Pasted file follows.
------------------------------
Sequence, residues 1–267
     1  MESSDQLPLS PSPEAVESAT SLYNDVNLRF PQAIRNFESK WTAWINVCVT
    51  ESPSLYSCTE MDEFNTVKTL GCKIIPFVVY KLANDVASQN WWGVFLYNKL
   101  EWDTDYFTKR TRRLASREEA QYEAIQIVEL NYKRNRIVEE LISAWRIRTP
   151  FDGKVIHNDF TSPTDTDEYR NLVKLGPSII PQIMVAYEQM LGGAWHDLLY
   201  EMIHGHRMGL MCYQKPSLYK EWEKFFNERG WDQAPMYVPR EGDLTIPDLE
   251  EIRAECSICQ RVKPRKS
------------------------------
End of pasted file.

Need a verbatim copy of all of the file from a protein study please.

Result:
Sequence, residues 1–267
     1  MESSDQLPLS PSPEAVESAT SLYNDVNLRF PQAIRNFESK WTAWINVCVT
    51  ESPSLYSCTE MDEFNTVKTL GCKIIPFVVY KLANDVASQN WWGVFLYNKL
   101  EWDTDYFTKR TRRLASREEA QYEAIQIVEL NYKRNRIVEE LISAWRIRTP
   151  FDGKVIHNDF TSPTDTDEYR NLVKLGPSII PQIMVAYEQM LGGAWHDLLY
   201  EMIHGHRMGL MCYQKPSLYK EWEKFFNERG WDQAPMYVPR EGDLTIPDLE
   251  EIRAECSICQ RVKPRKS